A. Pazoki

University of Maryland, Baltimore, Baltimore, MD, United States

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Publications (8)2.85 Total impact

  • [Show abstract] [Hide abstract]
    ABSTRACT: Free tissue transfer is a reliable surgical technique that enables primary reconstruction following ablative surgery. Widely practised in many European units, acceptance into mainstream oral and maxillofacial surgery in the USA has been slow. The authors reviewed free flap practice patterns and outcomes in a US oral and maxillofacial surgery training program with specific emphasis on failures and complications to illustrate obstacles encountered during the initial phase of practice implementation. The demographic and clinical data of 71 consecutive patients who underwent microvascular reconstruction over 3 years (2002-2005) were reviewed. The study group included 48 males and 23 females who underwent 72 free tissue transfer procedures. Fourteen patients required operative exploration in the perioperative period. Six patients were explored for clinically compromised flaps. Thrombotic events occurred in 4 patients; 1 flap was successfully salvaged. There were 4 flap failures and 9 complications related to the donor site. Two perioperative deaths occurred from non-flap-related complications. Prolonged hospital stay and ICU utilization was observed in patients with surgical complications. Complications in this study did not affect the overall success rates of free-flaps. Salvage rates from thrombotic events were unaffected despite rigid flap monitoring protocols.
    International Journal of Oral and Maxillofacial Surgery 07/2009; 38(10):1048-51. · 1.52 Impact Factor
  • S. McClure, A. Salama, R. Ord, A. Pazoki
    Oral Oncology Supplement 01/2007; 2(1):102-102.
  • Oral Oncology Supplement 01/2005; 1(1):131-132.
  • Oral Oncology Supplement 01/2005; 1(1):117-118.
  • Oral Oncology Supplement 01/2005; 1(1):131-131.
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    ABSTRACT: Although liposarcoma is one of the most common soft tissue sarcomas, its location in the oral cavity is very rare. To our knowledge, only 43 cases of liposarcoma originating in the oral tissues have been reported in the English-language literature. In this article, we report a case of well-differentiated liposarcoma affecting the cheek of a 28-year-old man and review the oral liposarcoma literature. Immunohistochemical analysis of the tumor revealed an MDM2+/CDK4+/p53+ immunophenotype that is consistent with the immunohistochemical profile of well-differentiated liposarcoma originating in other areas of the body. Quantitative polymerase chain reaction analysis of the DNA levels of the MDM2 (human homologue of the murine double-minute type 2), CDK4 (cyclin-dependent kinase 4), and SAS (sarcoma amplified sequence), genes was performed, revealing only SAS gene amplification. The possibility of misdiagnosis of oral liposarcoma because of its sometimes inconspicuous clinical and microscopic features is emphasized. Careful pathologic examination of liposarcoma is essential for discrimination from benign adipose tissue neoplasms and for precise histologic classification, both of major prognostic significance. Possible implications of molecular and cytogenetic analysis for unraveling the pathogenesis and determining the prognosis of liposarcoma are discussed.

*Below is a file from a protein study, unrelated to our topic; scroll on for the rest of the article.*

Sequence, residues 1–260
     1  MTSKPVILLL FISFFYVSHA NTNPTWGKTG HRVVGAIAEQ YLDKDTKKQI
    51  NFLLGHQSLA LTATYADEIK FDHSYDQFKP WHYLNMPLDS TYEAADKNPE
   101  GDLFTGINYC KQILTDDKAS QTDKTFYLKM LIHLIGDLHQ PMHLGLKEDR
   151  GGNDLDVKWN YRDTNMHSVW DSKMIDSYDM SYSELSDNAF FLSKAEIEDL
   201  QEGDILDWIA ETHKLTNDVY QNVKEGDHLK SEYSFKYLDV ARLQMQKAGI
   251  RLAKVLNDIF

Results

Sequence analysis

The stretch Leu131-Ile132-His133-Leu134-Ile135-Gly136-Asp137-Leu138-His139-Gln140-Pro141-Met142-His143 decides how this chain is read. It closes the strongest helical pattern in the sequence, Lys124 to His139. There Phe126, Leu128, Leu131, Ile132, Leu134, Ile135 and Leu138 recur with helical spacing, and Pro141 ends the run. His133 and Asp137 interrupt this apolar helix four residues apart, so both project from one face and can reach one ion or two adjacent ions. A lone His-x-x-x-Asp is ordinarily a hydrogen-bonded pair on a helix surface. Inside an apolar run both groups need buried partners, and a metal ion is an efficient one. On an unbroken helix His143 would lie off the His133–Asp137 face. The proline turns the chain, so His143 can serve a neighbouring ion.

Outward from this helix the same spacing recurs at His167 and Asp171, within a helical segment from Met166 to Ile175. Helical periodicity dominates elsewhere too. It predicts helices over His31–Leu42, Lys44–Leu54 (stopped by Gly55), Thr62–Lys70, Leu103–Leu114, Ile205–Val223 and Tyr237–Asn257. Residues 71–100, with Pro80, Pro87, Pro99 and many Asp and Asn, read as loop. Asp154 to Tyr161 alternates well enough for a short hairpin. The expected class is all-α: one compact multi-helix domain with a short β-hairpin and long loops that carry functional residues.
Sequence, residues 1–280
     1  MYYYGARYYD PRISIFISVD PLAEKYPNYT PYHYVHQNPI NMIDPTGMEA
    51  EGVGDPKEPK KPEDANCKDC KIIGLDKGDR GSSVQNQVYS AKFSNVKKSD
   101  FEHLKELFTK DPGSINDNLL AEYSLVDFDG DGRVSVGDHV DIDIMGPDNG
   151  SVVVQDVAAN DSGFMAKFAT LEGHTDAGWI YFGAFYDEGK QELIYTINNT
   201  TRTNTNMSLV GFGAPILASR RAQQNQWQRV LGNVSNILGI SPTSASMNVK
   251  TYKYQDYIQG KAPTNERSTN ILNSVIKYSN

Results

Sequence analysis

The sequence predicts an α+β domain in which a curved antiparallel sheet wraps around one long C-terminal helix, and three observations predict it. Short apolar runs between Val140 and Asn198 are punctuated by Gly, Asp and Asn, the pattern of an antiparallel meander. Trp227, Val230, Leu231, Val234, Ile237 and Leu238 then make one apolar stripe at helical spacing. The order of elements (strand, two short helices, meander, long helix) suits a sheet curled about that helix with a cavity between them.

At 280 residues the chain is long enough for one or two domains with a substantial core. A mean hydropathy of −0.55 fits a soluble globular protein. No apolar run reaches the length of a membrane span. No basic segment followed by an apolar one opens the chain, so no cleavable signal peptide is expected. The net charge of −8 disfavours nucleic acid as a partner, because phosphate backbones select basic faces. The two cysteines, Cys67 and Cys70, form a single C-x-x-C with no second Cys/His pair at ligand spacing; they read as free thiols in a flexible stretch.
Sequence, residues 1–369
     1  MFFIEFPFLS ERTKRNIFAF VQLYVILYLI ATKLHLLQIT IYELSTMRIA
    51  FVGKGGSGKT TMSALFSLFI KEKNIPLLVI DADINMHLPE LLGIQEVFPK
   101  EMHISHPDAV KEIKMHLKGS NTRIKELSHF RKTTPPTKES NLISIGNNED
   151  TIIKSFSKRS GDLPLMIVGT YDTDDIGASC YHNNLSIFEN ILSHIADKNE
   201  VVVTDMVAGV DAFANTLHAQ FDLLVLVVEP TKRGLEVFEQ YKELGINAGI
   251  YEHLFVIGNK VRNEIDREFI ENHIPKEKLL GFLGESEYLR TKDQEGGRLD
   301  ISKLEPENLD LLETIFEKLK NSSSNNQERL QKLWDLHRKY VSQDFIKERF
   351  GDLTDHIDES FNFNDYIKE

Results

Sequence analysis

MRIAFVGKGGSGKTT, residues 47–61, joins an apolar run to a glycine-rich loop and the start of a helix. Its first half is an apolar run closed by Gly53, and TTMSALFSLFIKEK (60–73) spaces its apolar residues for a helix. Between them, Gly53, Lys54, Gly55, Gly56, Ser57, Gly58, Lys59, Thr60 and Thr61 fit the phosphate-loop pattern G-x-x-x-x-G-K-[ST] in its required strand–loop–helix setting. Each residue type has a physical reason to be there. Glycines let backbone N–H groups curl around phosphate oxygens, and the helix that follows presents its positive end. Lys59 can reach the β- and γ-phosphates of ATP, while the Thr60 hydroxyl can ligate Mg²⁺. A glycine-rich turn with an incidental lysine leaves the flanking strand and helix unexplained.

Oral Surgery, Oral Medicine, Oral Pathology, Oral Radiology, and Endodontology 09/2001; 92(2):194-201.
  • Journal of Oral and Maxillofacial Surgery 05/2001; 59(4):415-20. · 1.33 Impact Factor
  • M A Lopes, A E Pazoki, R A Ord
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    ABSTRACT: Proliferative verrucous leukoplakia (PVL) is a particularly aggressive form of oral leukoplakia that is resistant to treatment and presents a high risk of recurrence and malignant transformation. This article describes the microscopic and clinical characteristics of one case of PVL, which initially presented as hyperkeratosis with mild dysplasia and posteriorly developed multifocal areas and verrucous carcinoma despite treatment.
    General dentistry 01/2000; 48(6):708-10.